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Motorway Service Area Operator Entitled to Compensation for Highways Alterations

Craig Howell Williams QC
Richard Honey

The President of the Lands Tribunal has issued his decision in the case of Moto Hospitality v Secretary of State for Transport, dealing with the conditions applying to entitlement to compensation for injurious affection where a business's trade is affected by highway works.

Moto operates the Cherwell Valley motorway service area (MSA) at the junction 10 Ardley interchange on the M40 motorway. In 2001 and 2002, junction alteration works were carried out which made the MSA less accessible and convenient for, and attractive to, customers using the motorway. Moto claimed £15.5 million compensation under s10 of the Compulsory Purchase Act 1965, being the diminution in the value of its interest in the land caused by the reduced trade.

The President's decision was reached after a four day preliminary issue trial which considered whether Moto could in law be entitled to compensation in the circumstances. The Secretary of State had raised points as to what constituted the ‘special Act' in s10 of the 1965 Act, whether the loss was caused by the works or merely the stopping up of the highways, whether there would have been entitlement to special damages in public nuisance in the circumstances, and whether the highway obstructions were too remote.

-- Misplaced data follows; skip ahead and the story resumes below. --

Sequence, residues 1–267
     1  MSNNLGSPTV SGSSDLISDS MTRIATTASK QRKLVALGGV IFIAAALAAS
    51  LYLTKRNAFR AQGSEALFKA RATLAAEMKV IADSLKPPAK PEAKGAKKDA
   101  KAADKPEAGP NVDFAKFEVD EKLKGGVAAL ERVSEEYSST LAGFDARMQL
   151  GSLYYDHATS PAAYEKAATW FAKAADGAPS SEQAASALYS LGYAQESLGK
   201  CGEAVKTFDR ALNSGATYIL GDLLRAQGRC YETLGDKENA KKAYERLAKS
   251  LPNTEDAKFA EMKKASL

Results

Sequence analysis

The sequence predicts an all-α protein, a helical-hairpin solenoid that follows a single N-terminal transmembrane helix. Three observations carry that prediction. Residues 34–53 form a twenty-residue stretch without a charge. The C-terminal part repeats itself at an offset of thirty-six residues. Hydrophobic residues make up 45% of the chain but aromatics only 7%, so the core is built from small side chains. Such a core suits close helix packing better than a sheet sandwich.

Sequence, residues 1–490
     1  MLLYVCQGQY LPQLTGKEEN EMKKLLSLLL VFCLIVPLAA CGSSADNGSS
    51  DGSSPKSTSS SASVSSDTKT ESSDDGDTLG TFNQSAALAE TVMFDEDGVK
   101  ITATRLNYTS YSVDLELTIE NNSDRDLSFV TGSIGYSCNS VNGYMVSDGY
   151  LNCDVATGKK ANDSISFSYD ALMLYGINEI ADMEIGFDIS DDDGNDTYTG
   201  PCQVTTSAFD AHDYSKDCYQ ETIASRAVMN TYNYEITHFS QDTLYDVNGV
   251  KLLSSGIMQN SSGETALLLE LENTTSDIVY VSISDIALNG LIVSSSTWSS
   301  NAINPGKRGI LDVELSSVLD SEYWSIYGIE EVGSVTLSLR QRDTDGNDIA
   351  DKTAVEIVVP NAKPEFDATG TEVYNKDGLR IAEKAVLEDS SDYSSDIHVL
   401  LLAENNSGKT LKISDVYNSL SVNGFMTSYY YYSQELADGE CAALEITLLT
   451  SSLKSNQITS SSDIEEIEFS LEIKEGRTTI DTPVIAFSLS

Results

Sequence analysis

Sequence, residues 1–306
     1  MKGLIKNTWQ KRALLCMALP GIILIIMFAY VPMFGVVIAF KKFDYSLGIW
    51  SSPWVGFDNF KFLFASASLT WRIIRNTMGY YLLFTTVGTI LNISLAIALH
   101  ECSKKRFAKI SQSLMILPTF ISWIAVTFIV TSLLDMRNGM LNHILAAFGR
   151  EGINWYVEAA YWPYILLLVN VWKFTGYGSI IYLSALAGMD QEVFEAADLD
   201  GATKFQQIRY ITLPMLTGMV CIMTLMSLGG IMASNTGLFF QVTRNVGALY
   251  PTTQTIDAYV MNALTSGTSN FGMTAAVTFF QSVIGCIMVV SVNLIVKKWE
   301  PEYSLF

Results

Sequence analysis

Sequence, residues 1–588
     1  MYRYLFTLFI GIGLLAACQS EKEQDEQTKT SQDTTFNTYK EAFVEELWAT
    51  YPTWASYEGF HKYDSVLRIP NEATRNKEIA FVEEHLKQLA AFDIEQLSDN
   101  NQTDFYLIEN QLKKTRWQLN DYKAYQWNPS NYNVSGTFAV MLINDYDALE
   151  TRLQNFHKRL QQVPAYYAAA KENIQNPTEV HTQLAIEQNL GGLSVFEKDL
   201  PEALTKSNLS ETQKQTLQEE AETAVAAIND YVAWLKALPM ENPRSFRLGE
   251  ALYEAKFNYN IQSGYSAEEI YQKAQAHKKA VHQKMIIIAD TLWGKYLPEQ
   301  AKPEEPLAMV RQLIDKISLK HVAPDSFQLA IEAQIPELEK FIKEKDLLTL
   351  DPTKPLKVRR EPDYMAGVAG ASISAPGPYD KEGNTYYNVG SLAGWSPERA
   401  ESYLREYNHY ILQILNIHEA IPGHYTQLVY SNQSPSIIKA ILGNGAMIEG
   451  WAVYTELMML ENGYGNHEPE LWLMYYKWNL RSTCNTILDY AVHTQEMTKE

The President held that:

  • it is the entirety of the works of highway construction and improvement comprised in the project authorised by the roads orders which constitutes ‘the works' for the purposes of s10;
  • it is the entirety of the statutory provisions enabling such works to be carried out that constitutes the ‘special Act' in s10;
  • compensation is not only payable under s10 in respect of injurious affection arising from land included within the relevant compulsory purchase order;
  • a person may sustain special damage from an obstruction that would in the absence of statutory powers constitute a public nuisance notwithstanding that a stopping-up order has been made in respect of the highway obstructed; and
  • to ground a claim for compensation the obstruction must be proximate to the premises in question but need not be immediately outside them - it is the loss of access or the interference with access that constitutes the particular damage.

Moto would therefore be entitled to compensation for the obstructions to routes of access between the motorway and the MSA.

Craig Howell Williams and Richard Honey appeared for Moto, instructed by Peter Taylor of DLA Piper in Birmingham.

A copy of the decision is available on the Lands Tribunal website at: http://www.landstribunal.gov.uk/Decisions